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A capacitor (also called condenser, which is the older term) is an electronic device that stores electric energy. It is similar to a battery, but is smaller, lightweight and charges up much quicker. Capacitors are used in many electronic devices today, and can be made out of many different types of material. The Leyden jar was one of the first capacitors invented.
Capacitors are usually made with two metal plates that are on top of each other and near each other, but that do not actually touch. When powered, they allow energy to be stored inside an electrical field. Because the plates need a lot of area to store even a small amount of charge, the plates are usually rolled up into some other shape, such as a cylinder. Sometimes, other shapes of capacitors are used for special purposes. A capacitor-like effect can also result just from two conductors being close to each other, whether you want it to exist or not.
All capacitors have two connections, or leads. Most kinds of capacitors can be changed around easily by someone who has basic skills in electronics. However, one of the more powerful types - the electrolytic capacitor - must be used the correct way, or they can explode violently.
While capacitors do have similarities to batteries in that they can store energy - as mentioned earlier - capacitors can also release all their stored energy very quickly, even faster than a second.
A charging and discharging defibrillator for heart attacks is a good example of how a capacitor gradually charges up, until it can not be filled any more, and then quickly discharging its stored power to another area that needs it to function.
Supercapacitor[change | change source]
Supercapacitors hold more of a charge than regular capacitors and will discharge faster. They won't be found in a TV or computer.
Polystyrene film capacitors[change | change source]
This type of capacitor is not for use in high frequency circuits, being made with a coil inside. They are used in filter circuits or timing circuits which run at several hundred KHz or less.
Electrolytic capacitors[change | change source]
Electrolytic capacitors use a conducting surface inside a liquid electrolyte. They have polarity and so they have to be attached correctly. There are two leads; one will have a + and the other a -. This means one lead is positive and one is negative. There are two different styles: axial, where the leads are connected to each end, and radial, where the leads are connected to one end. The rating of an electrolytic capacitor is easy to find because they are printed with capacitance and voltage rating.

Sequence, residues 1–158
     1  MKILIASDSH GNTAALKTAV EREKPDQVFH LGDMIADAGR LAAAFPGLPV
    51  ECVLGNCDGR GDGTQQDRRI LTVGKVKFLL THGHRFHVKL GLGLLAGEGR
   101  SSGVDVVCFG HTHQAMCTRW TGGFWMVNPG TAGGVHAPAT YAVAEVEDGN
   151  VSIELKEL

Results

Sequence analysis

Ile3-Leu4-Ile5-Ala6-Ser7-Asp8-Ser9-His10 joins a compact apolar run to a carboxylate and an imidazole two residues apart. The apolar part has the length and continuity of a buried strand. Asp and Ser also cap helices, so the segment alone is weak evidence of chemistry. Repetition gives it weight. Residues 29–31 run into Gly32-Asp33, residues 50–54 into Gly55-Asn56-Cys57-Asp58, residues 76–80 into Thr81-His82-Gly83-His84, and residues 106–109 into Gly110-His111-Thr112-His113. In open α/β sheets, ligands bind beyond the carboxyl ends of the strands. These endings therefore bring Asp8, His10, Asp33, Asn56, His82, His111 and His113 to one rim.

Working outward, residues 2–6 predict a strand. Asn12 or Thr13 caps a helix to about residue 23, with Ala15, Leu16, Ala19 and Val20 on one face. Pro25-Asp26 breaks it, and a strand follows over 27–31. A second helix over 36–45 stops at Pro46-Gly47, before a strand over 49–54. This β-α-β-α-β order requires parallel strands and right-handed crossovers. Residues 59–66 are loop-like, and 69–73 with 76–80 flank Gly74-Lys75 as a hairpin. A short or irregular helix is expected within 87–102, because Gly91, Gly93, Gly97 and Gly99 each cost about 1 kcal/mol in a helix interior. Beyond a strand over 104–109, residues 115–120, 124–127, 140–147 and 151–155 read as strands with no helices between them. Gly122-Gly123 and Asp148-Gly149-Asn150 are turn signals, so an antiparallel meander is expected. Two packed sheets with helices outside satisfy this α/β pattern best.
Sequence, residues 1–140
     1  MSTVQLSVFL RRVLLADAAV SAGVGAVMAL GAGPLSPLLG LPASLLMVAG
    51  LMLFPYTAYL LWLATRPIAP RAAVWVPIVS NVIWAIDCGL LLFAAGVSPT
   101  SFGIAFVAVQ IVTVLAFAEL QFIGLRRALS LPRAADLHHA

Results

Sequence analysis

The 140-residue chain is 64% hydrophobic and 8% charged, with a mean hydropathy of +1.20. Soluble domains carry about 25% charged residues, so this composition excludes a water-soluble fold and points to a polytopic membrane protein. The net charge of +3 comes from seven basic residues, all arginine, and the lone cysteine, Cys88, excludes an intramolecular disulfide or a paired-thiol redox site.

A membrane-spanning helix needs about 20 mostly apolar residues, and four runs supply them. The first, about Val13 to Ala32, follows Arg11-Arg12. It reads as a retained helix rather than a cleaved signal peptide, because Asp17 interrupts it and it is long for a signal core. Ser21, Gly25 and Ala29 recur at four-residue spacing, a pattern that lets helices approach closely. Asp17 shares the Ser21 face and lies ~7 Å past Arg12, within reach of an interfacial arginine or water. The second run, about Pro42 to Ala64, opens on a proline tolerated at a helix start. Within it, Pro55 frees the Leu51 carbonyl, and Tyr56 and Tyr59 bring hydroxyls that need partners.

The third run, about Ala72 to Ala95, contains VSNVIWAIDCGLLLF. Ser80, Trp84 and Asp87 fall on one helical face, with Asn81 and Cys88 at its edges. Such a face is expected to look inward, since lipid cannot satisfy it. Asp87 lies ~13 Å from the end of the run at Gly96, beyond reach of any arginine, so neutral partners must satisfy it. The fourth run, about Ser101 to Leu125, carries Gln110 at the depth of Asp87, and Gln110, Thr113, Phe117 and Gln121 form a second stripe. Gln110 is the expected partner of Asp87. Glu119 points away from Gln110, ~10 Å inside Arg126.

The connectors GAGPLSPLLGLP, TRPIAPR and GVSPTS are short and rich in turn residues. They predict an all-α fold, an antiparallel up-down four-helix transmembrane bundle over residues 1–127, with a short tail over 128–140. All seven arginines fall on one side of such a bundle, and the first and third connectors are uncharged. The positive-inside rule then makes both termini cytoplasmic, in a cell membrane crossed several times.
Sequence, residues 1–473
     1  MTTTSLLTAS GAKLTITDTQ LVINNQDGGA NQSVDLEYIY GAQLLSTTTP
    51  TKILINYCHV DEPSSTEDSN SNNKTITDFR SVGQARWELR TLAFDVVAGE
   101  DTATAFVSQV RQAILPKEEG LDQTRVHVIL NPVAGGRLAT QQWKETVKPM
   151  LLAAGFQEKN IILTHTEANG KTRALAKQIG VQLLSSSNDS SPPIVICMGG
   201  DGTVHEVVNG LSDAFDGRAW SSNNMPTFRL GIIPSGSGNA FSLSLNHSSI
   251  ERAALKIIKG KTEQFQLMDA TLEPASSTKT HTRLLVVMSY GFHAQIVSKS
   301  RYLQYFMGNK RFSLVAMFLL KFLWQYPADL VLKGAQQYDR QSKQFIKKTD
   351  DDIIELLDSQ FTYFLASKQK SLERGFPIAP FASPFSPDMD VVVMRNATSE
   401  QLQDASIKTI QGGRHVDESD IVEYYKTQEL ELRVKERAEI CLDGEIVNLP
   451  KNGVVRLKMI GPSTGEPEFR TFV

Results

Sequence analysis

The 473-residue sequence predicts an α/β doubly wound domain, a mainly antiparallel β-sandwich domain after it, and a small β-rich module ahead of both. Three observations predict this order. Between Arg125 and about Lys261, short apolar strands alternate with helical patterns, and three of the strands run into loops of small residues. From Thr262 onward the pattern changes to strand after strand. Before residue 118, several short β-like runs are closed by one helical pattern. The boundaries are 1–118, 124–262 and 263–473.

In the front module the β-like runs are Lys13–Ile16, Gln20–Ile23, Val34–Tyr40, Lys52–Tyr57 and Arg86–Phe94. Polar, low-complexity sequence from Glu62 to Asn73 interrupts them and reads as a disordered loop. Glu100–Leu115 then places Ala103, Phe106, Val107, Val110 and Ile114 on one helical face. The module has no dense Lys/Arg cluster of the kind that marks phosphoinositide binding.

Since the voltage rating can be low, it is important to check that the electrolytic capacitor isn't overcharged. Capacitors can be separated from a battery, then connected in series. Because the capacitor is polarized, the positive terminal must be connected to a negative terminal. This creates correct polarity through the electrical circuit and prevents breakdown. 
References[change | change source]
- Ulaby, Fawwaz T. (1999). Fundamentals of Applied Electromagnetics (1999 ed.). Upper Saddle River, New Jersey: Prentice-Hall. p. 168. ISBN 0-13-011554-1.
- Jennifer Marcus (March 15, 2012). "Researchers develop graphene supercapacitor holding promise for portable electronics". http://newsroom.ucla.edu/portal/ucla/ucla-researchers-develop-new-graphene-230478.aspx. Retrieved 29 May 2012.
- "CAPACITORS AND DIELECTRICS". http://teacher.nsrl.rochester.edu:8080/phy122/lecture_notes/chapter27/Chapter27.html. Retrieved 31 May 2012.
Other websites[change | change source]
|Wikimedia Commons has media related to: capacitors|
- Introduction To Capacitors Capsite 2009